Take Care of Your Psoriasis in Winter

Take Care of Your Psoriasis in Winter

Winter Psoriasis Skincare

If you have psoriasis, you likely experience a worsening of symptoms during the cold winter months. Let’s take a look at why this is so and examine some effective strategies to reduce the likelihood of this occurrence. If you are already having a flare-up, we will explore ways you can promote comfort and healing of the lesions.

Dry Air Is a Common Problem During Winter

Skin dries out easily in winter due to cold, dry air and wind. Indoor heat may also cause your skin to dehydrate — forced hot air, coal and wood heat are particularly drying. Some forms of heat, such as wood, even create irritating particles in the air.

Illnesses caused by environment and diet, as well as common winter illnesses, may have a negative impact on the health of your skin, too. All of these factors irritate your skin and contribute to the likelihood of flare-ups occurring.

Protective Sunlight is Lacking in Winter

While taking steps to prevent excessive sun exposure is healthy, getting some sunshine is necessary for keeping your skin well. The sun’s ultraviolet rays slow down the excessive rate of skin cell growth that is characteristic of psoriasis.

If you have psoriasis, all of your skin cells reproduce faster than those of people who do not have the condition. During the warmer months of the year, you are likely to spend more time outside and probably don’t have your face covered up like you may do when outside in chilly, windy environments.


Even if you spend plenty of time outdoors in winter, the sun’s rays aren’t as strong and the days are shorter than at any other time of the year. A lack of exposure to ultraviolet light results in increased skin cell growth, which in turn causes the development of plaques and other symptoms of psoriasis.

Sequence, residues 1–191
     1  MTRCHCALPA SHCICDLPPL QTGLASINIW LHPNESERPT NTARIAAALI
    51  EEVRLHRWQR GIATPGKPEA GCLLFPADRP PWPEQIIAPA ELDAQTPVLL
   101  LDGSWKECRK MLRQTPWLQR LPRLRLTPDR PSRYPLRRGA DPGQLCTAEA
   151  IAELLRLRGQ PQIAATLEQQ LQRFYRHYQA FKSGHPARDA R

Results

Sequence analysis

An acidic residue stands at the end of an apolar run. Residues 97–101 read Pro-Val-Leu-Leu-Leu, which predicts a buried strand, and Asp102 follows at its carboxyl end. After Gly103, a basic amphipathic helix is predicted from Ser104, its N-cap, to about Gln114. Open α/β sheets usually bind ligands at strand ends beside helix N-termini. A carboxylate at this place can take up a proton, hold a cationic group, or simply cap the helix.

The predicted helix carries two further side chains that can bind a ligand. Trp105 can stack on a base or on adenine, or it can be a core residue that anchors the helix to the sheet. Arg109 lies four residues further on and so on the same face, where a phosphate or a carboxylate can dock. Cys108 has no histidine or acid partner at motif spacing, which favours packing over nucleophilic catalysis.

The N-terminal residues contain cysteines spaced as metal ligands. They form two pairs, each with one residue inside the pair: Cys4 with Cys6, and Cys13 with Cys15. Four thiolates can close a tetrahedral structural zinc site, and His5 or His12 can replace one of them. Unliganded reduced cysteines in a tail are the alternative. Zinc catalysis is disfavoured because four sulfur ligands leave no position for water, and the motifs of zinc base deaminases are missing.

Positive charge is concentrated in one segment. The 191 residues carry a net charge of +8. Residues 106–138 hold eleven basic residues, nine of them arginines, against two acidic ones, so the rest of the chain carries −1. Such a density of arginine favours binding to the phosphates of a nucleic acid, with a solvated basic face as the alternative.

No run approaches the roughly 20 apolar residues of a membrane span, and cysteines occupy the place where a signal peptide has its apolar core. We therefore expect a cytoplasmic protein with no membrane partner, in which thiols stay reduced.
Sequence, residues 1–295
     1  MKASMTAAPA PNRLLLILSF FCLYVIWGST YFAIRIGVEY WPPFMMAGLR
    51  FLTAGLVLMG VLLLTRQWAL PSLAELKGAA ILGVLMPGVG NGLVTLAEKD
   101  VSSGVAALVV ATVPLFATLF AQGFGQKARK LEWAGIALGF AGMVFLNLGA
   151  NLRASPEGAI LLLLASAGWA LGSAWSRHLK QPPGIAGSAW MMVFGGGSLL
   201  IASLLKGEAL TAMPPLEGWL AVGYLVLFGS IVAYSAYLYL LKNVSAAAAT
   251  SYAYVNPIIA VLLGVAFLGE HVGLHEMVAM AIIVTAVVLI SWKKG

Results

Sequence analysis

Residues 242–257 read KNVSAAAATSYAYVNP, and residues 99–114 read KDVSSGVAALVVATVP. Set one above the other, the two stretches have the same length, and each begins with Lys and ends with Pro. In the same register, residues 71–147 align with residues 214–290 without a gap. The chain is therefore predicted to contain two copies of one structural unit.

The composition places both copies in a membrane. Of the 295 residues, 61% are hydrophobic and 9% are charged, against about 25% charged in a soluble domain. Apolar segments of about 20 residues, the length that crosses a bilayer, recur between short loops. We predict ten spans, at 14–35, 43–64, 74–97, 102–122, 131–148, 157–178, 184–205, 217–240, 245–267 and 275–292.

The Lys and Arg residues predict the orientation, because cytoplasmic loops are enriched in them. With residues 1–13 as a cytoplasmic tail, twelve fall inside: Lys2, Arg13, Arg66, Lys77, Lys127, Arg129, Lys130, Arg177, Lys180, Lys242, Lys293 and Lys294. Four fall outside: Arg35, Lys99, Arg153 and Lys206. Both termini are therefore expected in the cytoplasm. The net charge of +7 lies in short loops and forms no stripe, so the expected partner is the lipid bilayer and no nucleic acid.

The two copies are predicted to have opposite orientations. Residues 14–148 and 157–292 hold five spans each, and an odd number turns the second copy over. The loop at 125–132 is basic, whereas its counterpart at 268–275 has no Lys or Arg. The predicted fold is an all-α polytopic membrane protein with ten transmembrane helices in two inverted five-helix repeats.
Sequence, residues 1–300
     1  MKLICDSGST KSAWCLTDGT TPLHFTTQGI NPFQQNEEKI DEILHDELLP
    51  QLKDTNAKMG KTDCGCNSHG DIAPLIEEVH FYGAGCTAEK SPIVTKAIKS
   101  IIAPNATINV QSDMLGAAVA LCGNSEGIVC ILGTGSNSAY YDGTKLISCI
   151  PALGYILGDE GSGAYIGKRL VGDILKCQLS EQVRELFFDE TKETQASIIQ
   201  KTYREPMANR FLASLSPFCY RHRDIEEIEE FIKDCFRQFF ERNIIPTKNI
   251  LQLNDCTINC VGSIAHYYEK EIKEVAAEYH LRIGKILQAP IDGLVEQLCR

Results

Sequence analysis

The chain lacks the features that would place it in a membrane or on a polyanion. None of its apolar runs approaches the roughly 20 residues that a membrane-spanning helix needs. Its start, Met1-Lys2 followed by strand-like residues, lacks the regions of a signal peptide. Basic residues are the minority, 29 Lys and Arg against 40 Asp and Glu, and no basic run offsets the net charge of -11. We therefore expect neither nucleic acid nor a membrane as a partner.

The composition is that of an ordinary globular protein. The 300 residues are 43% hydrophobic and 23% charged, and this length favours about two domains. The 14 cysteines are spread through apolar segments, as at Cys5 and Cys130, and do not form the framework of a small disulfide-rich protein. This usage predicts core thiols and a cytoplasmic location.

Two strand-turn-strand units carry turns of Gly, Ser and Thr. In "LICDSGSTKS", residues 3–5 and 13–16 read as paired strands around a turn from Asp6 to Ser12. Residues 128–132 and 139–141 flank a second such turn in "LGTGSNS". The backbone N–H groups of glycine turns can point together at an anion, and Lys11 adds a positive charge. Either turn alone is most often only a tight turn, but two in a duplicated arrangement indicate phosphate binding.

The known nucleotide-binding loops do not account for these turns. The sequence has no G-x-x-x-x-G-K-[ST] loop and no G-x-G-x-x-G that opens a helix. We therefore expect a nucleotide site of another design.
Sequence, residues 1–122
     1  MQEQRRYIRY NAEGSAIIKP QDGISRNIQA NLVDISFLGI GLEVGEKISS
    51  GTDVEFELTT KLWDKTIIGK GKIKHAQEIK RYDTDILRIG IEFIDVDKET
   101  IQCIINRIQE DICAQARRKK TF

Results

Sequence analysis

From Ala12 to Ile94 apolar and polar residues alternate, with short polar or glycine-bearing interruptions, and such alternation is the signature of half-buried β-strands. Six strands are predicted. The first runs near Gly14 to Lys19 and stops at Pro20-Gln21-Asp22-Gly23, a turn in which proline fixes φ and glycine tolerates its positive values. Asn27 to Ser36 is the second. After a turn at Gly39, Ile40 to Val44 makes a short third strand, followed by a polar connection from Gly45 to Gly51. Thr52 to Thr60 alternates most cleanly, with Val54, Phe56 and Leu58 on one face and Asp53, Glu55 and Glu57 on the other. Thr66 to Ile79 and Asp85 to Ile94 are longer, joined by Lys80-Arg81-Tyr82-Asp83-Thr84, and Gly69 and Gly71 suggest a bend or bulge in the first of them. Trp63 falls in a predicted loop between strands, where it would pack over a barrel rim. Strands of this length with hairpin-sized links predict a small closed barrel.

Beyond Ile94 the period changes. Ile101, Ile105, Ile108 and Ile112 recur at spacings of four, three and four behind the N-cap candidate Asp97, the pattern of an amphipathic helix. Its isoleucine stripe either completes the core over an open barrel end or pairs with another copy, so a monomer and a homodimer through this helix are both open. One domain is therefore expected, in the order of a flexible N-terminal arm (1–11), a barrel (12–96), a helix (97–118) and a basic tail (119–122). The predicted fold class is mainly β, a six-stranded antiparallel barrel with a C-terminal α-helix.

Winter Diets May Increase Skin Problems

During the winter months many people overeat and reach for heavy, sugary, fatty foods. These dietary choices stress your entire body, including your skin. Alcohol consumption may increase too, which makes psoriasis symptoms more severe.

Do You Smoke Indoors?

Smoking can contribute the formation of psoriatic lesions. If you smoke indoors during the chilly winter months you are being exposed to more irritating compounds than if you smoke out in the fresh air.

In addition, smoking interferes with the health of your immune system. Toxins from smoking, especially indoors, can raise havoc with your skin.

Illness May Make Psoriasis Lesions Worse

Winter illnesses contribute to the formation of skin problems via several mechanisms. If you are ill, particularly with a fever, your skin may dehydrate.

Being ill means your immune system must focus on healing your body from the affecting organism. Your body’s energy is diverted away from the normal day-to-day duties of repairing your skin and keeping it functioning at its best.

Strep throat is a common infection, particularity during the winter months. The strep organism can cause an outbreak of a specific type of psoriasis, called guttate psoriasis. Signs of guttate psoriasis include the formation of red, droplet-shaped lesion on the torso and extremities.

Tips for Keeping Your Skin Healthy During the Winter

If you do have flare-up, many of these and other actions will reduce the intensity and discomfort the lesions may cause. Let’s take a look some very effective strategies to make your skin look and feel better this winter:

  • Choose soft, warm clothing that allows your skin to “breathe.”
  • While it is tempting to be sedentary during cold winter months, get regular exercise, preferably outdoors.
  • Use effective infection control and prevention strategies, such as washing your hands frequently.
  • Use top quality skin and hair products.
  • Gently massage a small amount of olive, sesame or other oil over your entire body before you shower each day — this keeps your skin from losing precious moisture and serves as a barrier against the elements.
  • Include healthy fats in your diet.
  • Drink plenty of fluids each day.
  • Use a hypoallergenic sunblock if you are going to be outside for an extended period of time or if the weather is harsh.
  • Phototherapy can sometimes be helpful during winter months.

Winter can be difficult if you suffer from psoriasis. Fortunately there are steps you can take to keep your skin healthier and more comfortable.

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